Overall, the civic spirit of a city was found to be “stunted or distorted” in big-business cities since there was not truly an independent middle class, and the potential leaders of civic enterprise were “either powerless to act or were motivated by interests outside the city,” according to the 1946 study. In small- to medium-sized diversified cities, Mills found the environment was “favorable to the development and growth of civic spirit.”
Some factors DeWilde and Davis highlighted as criteria for civic well-being included: high degree of social capital, or networks of social connectedness; good schools and a high educational attainment; access to a thriving arts and culture life; affordable housing; safe neighborhoods; jobs skills matching employment opportunities; and low ratios of income disparity.
“Certainly one of them that we mention is public-private partnership that Grand Rapids is now widely known for and praised for and that is largely private, but also a number of large public businesses now work in concert with both one another and with government and other large institutions,” said DeWilde. “I think in Grand Rapids — and it is true for a lot of other regions, too — the growth of a place like Grand Valley and other universities is critical to that.”
Both the 70-year-old study and recent interviews revealed the necessity of having people who are committed to the region.
“People could live anywhere in the world and they choose to live in Grand Rapids for a number of reasons — family commitments, quality of life, friends, share the same values. But one of the things that came up that was a bit more practical was that Grand Rapids is of a size they thought where their ideas, their resources, could make a significant impact on the quality of life,” said DeWilde.
One of the concerns raised during the interview process was that shared values, both civic and philanthropic, were in danger of declining since “it wasn’t always clear that the third, fourth and even fifth generation” would have the same mindset, according to DeWilde.
“We haven’t done a lot on this yet, but a lot of what we heard just anecdotally is that philanthropy is changing, there is more the ROI mindset about it,” said DeWilde. “Second, third, fourth generations are giving differently than their forefathers did or foremothers, and so how does that play out in terms of what is ahead?”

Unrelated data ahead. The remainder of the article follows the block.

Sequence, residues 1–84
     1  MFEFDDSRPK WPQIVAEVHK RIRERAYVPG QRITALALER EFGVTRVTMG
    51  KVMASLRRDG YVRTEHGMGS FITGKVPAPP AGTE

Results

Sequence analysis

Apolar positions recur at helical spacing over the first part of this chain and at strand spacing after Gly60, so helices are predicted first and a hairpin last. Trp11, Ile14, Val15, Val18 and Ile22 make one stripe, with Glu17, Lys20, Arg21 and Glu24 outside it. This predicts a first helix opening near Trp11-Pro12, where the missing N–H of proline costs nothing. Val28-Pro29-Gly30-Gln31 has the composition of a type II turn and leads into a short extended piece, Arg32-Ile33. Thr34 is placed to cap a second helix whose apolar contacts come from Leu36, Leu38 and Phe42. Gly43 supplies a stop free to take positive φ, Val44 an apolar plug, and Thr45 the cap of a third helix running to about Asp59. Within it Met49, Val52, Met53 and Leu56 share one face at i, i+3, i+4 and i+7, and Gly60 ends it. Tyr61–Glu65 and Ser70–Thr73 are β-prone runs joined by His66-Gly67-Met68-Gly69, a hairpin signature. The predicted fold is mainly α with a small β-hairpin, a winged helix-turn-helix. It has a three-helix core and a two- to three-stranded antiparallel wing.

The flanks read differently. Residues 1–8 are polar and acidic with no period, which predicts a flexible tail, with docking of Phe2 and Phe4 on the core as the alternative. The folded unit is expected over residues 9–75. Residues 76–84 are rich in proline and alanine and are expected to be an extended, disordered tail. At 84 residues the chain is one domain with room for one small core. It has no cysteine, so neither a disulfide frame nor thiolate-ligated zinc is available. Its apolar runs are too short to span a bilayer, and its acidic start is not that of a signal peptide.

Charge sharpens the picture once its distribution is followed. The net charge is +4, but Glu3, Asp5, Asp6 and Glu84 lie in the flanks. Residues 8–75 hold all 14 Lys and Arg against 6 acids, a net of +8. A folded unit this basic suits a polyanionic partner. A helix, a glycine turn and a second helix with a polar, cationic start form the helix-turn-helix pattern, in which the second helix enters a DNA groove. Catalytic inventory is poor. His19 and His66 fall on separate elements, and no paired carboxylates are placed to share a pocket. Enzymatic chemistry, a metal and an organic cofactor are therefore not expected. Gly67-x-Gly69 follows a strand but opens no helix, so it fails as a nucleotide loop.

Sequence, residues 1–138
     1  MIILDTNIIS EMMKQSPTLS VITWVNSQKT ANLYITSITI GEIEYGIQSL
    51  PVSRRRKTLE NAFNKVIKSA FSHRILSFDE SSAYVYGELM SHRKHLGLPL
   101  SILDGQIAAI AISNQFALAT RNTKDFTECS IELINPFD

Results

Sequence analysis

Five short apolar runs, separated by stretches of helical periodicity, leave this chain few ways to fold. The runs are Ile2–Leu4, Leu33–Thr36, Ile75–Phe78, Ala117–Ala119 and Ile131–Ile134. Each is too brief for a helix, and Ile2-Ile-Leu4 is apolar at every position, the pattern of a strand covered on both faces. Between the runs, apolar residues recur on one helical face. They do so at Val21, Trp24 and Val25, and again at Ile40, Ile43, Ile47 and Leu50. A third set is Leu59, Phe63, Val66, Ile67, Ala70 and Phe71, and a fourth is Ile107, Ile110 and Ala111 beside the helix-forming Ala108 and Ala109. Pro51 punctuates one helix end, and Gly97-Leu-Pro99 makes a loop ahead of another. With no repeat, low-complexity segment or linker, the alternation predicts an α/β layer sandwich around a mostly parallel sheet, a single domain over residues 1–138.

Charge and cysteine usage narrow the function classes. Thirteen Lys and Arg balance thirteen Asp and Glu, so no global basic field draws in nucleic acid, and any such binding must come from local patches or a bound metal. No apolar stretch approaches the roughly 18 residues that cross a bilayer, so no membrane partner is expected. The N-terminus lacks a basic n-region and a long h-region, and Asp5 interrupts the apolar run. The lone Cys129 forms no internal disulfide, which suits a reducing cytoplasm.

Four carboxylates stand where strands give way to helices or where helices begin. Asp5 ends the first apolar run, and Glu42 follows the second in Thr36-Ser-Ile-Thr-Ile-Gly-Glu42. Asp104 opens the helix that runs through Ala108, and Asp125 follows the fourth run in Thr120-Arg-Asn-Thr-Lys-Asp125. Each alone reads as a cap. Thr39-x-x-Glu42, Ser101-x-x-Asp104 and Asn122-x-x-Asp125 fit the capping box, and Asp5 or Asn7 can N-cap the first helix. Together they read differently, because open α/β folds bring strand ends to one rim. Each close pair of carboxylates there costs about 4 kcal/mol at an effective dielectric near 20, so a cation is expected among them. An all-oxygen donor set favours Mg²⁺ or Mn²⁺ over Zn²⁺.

DeWilde said part of the advocacy by some philanthropic community members at this point is to ensure the entrepreneurial spirit continues to be cultivated to make sure there are enough resources and individuals allowing businesses to flourish over time.
“Let the small business grow and cultivate,” said DeWilde. “This is not Silicon Valley. We don’t want you to grow these businesses and then sell them; we want you to grow these businesses and pass them on generationally. That is what we do here in Grand Rapids; that is who we are.”
Other potential challenges for Grand Rapids are the number of industrial firms in the region being replaced by service-oriented firms; maintaining the high degree of civic and philanthropic engagement prevalent today; and retaining and attracting talent in the region.
“A lot of people mentioned this: Grand Rapids is a great place if you are more or less like the folks that are already here. There is a sense of are we going to be able to attract folks who are diverse and are we going to be able to build an educational attainment and opportunity within the African-American community?” said DeWilde.
“We need homegrown talent, on one hand, and we need to do a better job of cultivating that. And then we need to really think about how open and welcoming we are to folks who haven’t grown up here and making them feel part of the community,” added DeWilde.